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80 more Somali children die of cholera


Tuesday, October 18, 2011

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Somalia's cholera outbreak has claimed the lives of at least 80 more Somali children as the conflict-plagued Horn of Africa nation grapples with severe drought and famine, Press TV reports.

The malnourished children fell victim to the acute infection at the Dayniile district refugee camp in south Mogadishu in less than half a day, a Press TV correspondent reported, quoting a local physician at the camp in the Somali capital.

Meanwhile, some 445 other children with cholera symptoms have also been taken to hospital in the strife-torn Somali capital over the past 24 hours.

The International Committee of the Red Cross (ICRC) warned on September 28 that the humanitarian situation remains "highly critical" in Somalia.

"The situation in Somalia remains highly critical. Hundreds of thousands of Somalis are still displaced from their homes in search of security and food," the ICRC said in a statement.

The Geneva-based humanitarian institution added, "Although humanitarian aid has started to reach the drought- and conflict-affected people, many are still struggling to survive."

“Much of the livestock has been decimated and there is no hope for an improvement in the situation until the next harvest in December," it added.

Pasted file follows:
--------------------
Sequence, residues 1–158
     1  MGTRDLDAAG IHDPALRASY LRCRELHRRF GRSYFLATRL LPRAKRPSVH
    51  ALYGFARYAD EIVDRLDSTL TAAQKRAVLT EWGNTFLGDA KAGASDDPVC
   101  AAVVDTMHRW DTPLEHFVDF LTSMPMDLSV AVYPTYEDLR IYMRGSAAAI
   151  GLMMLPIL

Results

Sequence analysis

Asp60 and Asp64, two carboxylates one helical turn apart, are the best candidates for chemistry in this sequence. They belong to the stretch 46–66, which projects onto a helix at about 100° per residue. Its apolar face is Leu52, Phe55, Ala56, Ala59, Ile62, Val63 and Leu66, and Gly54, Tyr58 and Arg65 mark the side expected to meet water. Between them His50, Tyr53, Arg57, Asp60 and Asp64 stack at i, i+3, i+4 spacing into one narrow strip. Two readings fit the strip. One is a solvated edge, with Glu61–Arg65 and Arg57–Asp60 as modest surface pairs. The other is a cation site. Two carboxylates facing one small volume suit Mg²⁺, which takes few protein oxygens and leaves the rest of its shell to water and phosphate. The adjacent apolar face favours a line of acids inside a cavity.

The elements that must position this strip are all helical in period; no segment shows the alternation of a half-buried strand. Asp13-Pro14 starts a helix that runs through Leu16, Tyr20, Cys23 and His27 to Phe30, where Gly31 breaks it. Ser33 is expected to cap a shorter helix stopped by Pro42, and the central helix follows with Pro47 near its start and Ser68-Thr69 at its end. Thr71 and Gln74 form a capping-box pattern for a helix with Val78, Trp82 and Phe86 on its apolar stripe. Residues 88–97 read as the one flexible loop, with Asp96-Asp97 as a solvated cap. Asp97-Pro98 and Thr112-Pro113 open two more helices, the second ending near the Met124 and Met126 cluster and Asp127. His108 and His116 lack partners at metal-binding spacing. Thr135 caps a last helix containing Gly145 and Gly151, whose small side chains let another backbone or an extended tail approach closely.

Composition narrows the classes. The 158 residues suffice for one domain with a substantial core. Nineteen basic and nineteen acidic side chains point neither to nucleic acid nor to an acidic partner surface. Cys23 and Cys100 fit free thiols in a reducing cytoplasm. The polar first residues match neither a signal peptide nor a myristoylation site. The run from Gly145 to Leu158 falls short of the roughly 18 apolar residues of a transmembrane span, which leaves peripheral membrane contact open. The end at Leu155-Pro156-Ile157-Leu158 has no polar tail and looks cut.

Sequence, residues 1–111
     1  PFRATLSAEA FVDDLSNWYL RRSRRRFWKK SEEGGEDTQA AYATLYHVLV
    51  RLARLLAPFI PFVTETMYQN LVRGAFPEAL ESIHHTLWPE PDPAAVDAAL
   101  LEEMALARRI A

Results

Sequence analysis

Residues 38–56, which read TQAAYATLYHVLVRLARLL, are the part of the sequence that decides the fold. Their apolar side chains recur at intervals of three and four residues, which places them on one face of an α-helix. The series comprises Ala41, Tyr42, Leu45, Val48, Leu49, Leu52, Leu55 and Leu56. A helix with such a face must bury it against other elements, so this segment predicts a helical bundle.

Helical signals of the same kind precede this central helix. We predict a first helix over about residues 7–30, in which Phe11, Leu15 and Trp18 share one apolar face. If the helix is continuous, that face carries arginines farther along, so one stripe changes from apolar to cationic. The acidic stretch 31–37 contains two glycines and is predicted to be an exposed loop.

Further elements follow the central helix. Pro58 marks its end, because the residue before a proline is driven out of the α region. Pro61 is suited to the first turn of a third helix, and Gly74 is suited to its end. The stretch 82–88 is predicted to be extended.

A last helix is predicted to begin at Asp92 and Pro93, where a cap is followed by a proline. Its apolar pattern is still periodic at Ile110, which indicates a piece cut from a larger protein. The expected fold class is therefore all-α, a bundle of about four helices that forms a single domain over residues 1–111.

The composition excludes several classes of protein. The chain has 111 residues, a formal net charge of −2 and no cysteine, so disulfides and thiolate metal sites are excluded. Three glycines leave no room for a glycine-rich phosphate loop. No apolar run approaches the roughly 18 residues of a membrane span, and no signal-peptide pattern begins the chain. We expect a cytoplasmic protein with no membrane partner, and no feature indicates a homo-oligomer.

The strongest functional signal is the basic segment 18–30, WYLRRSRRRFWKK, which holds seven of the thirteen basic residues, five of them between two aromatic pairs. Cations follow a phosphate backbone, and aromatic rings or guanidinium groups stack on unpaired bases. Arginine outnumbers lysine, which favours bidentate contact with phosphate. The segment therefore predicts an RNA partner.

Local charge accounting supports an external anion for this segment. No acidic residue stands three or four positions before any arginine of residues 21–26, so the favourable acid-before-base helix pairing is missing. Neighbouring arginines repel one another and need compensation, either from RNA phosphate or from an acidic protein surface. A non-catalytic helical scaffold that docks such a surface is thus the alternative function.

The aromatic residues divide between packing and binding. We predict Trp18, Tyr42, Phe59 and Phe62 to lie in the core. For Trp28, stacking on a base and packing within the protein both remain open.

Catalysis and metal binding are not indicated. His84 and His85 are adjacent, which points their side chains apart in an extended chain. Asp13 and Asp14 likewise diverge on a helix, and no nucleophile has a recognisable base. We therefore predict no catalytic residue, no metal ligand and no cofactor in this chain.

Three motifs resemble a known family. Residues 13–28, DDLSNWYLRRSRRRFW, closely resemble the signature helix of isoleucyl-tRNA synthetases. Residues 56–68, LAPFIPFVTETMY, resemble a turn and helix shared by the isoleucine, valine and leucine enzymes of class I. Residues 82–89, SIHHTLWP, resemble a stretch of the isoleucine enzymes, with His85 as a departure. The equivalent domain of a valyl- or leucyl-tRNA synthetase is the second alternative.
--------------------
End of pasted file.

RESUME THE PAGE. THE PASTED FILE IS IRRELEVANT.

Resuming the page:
The UN Office for the Coordination of Humanitarian Affairs (OCHA) has recently said that four million Somalis are in crisis, with some 750,000 at risk of dying in the next four months.

The UN body added it is also feared that the rains will further raise the risk of diseases.

"The onset of rains anticipated in October could fuel the spread of cholera, measles and malaria, thereby leading to more deaths in a population already weakened by conflict and famine," the OCHA noted.

The UN agency also pointed out that food deliveries have reached some 1.85 million people as of last week. The figure is almost half of those in need.

According to the United Nations, drought, high food prices and fighting in Somalia have increased the number of those in need of humanitarian assistance across the Horn of Africa to 13.3 million.



 





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